El Negrín participates in a clinical trial with ozone in lung transplants


A team from the Research Unit of the University Hospital of Gran Canaria Doctor Negrín will participate in the first clinical trial of lung transplantation with ozone to prevent chronic rejection. And it is that the good results obtained in a study with rats led by Gran Canaria doctor Norberto Santana Rodríguez, head of the Thoracic Surgery Service of the King Faisal Specialist Hospital & Research Center, in Riyadh –Saudi Arabia–, have led experts to go one step further and test the effects of this gas on humans. The initiative is expected to start in early 2022 and involve between 50 and 60 patients, who will be under medical follow-up for three years.

«This research project with ozone in lung transplantation is part of the translational research circuit that my group and I started in Negrín in 2003. First, we identify the most frequent problems of this type of transplantation in clinical practice, being chronic rejection the main cause of long-term death. Then we tried to understand at the genetic and molecular levels what chronic rejection was. When we discovered the genes that were involved, we tried to find a treatment, so we opted for ozone to tackle oxidative stress –a process that occurs due to an excess of free radicals– ”, explains the doctor.

The road has been long. First, an experimental model had to be created that was reliable and reproducible in animals.. «There were very few groups in the world doing this transplant in rats, since it is a very complex microsurgical practice. We got down to it and in 2004 we published the first scientific article that guaranteed that the model was viable, ”says the specialist. ´

The team continued to make modifications to make it increasingly similar to human lung transplantation. “When we had it well defined, we opted for a very ambitious project that focused on studying the genes and molecular pathways that were involved in chronic rejection, using DNA microarrays, a leading technology worldwide at that time. Thanks to it, we analyzed 40,000 genes and hundreds of molecular pathways, which allowed us to discover in 2011 that oxidative stress was involved in chronic rejection. The article was published in the magazine The Journal of Heart and Lung Transplantation.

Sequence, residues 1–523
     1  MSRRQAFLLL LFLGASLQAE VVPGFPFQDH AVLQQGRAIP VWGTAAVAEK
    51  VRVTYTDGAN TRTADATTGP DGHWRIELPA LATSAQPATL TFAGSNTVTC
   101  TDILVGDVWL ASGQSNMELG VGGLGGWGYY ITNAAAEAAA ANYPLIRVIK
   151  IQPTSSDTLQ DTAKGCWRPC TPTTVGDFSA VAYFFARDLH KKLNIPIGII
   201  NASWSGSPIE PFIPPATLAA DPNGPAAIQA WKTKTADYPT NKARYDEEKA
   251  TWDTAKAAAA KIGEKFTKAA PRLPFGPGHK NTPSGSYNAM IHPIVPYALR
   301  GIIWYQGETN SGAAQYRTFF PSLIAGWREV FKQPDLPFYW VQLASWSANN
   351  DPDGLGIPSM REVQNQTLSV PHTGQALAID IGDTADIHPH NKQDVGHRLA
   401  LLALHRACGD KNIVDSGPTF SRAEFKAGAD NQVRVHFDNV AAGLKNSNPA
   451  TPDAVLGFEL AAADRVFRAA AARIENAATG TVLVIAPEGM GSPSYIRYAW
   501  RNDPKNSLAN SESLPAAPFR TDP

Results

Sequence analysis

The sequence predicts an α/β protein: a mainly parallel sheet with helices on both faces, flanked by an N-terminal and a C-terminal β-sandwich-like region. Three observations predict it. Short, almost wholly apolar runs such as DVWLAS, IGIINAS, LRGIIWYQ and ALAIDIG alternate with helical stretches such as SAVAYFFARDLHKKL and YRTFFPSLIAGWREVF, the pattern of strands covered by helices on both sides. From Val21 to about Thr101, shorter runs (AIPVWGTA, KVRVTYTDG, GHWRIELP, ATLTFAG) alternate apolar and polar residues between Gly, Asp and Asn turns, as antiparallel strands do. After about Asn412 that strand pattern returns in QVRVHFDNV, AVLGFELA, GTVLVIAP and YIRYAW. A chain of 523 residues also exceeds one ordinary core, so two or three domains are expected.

Three years later, the researchers involved designed a study with 36 rats, which were divided into two groups. "One of the groups was transplanted and did not receive treatment, while the other was transplanted and received ozone treatment for three months," says the thoracic surgeon. The results were clear: All the animals that did not receive ozone suffered severe chronic rejection, while among those that did receive it, there were no cases and only a very mild acute rejection occurred. «The article was published in 2017 in the magazine Annals of Thoracic Surgery and it had a lot of impact. Since then, we have been looking for a way to extrapolate these experimental results to humans, ”says Dr. Santana.

The project is the result of the good results obtained in a study with rats